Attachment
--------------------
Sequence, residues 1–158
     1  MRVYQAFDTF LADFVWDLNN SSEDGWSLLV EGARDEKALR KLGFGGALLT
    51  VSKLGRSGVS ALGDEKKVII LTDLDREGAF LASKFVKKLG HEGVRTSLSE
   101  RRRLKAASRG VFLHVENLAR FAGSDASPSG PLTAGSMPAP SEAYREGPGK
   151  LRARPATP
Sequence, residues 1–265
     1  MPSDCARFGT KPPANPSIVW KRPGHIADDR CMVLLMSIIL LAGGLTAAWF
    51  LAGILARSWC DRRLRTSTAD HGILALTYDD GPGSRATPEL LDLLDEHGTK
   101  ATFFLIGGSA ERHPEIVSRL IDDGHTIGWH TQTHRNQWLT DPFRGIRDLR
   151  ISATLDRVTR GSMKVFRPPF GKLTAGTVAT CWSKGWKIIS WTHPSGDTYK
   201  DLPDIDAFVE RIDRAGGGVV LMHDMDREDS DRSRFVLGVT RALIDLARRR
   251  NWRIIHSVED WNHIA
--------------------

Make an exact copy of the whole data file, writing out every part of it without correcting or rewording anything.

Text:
Sequence, residues 1–158
     1  MRVYQAFDTF LADFVWDLNN SSEDGWSLLV EGARDEKALR KLGFGGALLT
    51  VSKLGRSGVS ALGDEKKVII LTDLDREGAF LASKFVKKLG HEGVRTSLSE
   101  RRRLKAASRG VFLHVENLAR FAGSDASPSG PLTAGSMPAP SEAYREGPGK
   151  LRARPATP
Sequence, residues 1–265
     1  MPSDCARFGT KPPANPSIVW KRPGHIADDR CMVLLMSIIL LAGGLTAAWF
    51  LAGILARSWC DRRLRTSTAD HGILALTYDD GPGSRATPEL LDLLDEHGTK
   101  ATFFLIGGSA ERHPEIVSRL IDDGHTIGWH TQTHRNQWLT DPFRGIRDLR
   151  ISATLDRVTR GSMKVFRPPF GKLTAGTVAT CWSKGWKIIS WTHPSGDTYK
   201  DLPDIDAFVE RIDRAGGGVV LMHDMDREDS DRSRFVLGVT RALIDLARRR
   251  NWRIIHSVED WNHIA